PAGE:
Recently, a transformation of quality and safety in radiotherapy has begun to take place. Among the key drivers of this transformation have been new industrial and systems engineering approaches that have come to the forefront in recent years following revelations of system failures. This book provides an approach to quality that is long needed, one that deals with both human and technical aspects that must be the part of any overall quality improvement program.
Table of Contents
Part I Quality Management and Improvement
A Perspective on Quality and Safety in Radiotherapy
Quality as Viewed and Lived by the Patient
Quality Management: An Overview
Quality Management: Radiotherapy
Development and Operation of a Quality Management Program: Case Study
Methodologies for Quality Improvement
Lean Thinking and Quality Improvement
Process Control and Quality Improvement
Access to Care: Perspectives from a Private Healthcare Environment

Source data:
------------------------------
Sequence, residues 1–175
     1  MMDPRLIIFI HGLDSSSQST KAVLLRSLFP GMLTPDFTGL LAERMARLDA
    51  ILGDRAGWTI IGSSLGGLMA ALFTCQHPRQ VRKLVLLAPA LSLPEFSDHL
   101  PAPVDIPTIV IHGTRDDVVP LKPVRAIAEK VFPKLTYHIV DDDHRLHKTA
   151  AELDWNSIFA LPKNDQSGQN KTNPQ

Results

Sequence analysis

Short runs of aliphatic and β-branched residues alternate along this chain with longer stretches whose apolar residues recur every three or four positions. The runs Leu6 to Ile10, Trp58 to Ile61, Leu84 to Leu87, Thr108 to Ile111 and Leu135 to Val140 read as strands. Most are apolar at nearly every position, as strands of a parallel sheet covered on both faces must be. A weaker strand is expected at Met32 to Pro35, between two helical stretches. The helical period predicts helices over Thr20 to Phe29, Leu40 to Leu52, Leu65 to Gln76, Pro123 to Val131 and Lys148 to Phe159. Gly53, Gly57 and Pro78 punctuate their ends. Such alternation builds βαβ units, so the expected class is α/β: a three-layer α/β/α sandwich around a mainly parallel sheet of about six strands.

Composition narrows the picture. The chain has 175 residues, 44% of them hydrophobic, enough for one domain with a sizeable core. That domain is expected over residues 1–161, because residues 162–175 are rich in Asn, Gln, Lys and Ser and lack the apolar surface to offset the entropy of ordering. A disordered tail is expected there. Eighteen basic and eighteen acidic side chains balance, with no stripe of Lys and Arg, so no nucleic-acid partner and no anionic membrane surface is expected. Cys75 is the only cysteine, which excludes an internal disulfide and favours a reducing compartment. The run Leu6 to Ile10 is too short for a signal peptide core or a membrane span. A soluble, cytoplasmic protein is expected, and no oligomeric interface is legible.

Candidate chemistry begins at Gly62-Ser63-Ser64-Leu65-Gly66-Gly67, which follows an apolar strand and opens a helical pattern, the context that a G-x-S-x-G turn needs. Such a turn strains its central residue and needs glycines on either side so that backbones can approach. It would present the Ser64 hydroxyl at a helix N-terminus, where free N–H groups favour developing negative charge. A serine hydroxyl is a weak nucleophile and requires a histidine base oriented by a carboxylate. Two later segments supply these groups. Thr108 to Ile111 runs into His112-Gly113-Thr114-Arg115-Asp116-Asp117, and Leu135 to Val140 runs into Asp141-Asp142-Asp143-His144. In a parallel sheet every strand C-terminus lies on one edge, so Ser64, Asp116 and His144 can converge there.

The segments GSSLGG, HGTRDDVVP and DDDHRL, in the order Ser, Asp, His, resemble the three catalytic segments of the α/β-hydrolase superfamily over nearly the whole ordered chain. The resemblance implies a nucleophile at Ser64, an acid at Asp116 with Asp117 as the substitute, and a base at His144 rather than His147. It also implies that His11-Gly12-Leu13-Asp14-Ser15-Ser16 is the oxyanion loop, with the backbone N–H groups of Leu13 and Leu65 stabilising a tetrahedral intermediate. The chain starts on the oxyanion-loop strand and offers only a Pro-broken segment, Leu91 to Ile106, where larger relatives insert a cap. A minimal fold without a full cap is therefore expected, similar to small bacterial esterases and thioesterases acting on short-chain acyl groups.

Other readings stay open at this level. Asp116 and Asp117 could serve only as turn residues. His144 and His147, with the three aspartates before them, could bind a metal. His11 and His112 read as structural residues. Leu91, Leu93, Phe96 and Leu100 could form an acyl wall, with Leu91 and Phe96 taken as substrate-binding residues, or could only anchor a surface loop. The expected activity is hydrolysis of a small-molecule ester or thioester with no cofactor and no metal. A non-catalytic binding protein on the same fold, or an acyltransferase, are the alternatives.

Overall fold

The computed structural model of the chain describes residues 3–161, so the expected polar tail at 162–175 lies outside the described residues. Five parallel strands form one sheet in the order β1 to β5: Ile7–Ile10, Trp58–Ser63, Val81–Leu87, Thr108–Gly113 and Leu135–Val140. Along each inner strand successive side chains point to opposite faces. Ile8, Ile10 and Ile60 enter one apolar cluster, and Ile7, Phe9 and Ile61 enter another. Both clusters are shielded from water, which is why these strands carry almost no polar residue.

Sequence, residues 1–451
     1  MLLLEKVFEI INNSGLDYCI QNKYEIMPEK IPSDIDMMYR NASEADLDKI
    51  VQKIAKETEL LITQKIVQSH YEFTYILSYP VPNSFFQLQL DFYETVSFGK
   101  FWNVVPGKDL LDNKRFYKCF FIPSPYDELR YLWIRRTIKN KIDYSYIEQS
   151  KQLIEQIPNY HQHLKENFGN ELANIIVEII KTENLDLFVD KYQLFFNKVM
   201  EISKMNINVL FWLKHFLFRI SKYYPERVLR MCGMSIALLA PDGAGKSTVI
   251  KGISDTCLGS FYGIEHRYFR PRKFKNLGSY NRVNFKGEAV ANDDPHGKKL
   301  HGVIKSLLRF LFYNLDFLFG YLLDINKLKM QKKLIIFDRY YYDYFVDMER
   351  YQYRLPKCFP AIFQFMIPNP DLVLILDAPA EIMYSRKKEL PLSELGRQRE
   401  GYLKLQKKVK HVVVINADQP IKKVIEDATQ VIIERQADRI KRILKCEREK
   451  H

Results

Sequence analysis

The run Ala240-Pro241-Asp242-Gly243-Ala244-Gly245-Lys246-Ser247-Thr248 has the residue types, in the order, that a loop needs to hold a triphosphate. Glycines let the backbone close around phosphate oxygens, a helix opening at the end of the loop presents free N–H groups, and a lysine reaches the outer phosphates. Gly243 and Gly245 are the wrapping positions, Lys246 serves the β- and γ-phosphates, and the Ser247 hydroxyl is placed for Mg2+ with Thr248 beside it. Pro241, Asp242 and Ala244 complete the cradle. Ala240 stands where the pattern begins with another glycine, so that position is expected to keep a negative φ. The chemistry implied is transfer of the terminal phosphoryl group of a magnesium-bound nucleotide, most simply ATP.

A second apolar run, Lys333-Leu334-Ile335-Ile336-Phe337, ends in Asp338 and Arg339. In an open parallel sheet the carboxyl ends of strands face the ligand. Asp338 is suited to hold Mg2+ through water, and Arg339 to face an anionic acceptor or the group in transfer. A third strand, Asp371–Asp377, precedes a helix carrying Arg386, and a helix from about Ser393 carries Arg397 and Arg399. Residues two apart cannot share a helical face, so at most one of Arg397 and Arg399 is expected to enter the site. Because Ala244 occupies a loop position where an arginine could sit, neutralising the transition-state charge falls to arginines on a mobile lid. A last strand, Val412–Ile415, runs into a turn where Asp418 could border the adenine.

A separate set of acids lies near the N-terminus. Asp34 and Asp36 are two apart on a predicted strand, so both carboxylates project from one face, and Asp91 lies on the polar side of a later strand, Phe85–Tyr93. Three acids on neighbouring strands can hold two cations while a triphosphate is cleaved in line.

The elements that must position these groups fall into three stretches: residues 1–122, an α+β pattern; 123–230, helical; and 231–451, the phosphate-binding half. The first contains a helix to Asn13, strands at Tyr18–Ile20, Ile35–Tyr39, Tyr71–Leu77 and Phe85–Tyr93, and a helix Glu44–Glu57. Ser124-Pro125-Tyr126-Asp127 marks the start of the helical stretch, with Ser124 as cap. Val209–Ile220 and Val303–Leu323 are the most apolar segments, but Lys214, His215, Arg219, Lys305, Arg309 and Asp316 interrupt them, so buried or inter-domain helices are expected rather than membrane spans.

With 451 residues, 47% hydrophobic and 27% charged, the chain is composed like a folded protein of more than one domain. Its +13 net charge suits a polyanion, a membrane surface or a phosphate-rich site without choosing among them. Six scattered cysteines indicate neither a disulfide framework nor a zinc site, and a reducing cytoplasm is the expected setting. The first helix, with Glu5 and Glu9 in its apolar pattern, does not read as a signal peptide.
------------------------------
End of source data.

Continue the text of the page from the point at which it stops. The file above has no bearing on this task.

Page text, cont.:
Access to Care: Perspectives from a Public Healthcare Environment
The Cost of Quality: Health Technology Assessment
The Past, Present, and Future of Quality in Radiotherapy
Past, Present, and Future of Quality in Radiotherapy Physics
Part II Patient Safety and Managing Error
Issues in Patient Safety
An Overview of Risk Management
Tools for Risk Management
Error and Near-Miss Reporting: A View from Europe
Error and Near-Miss Reporting: A View from North America
The Impact of Cultural Biases on Safety
A Primer on High Reliability Organizing
Errors in Patient Information Flow
Identifying and Reducing Risk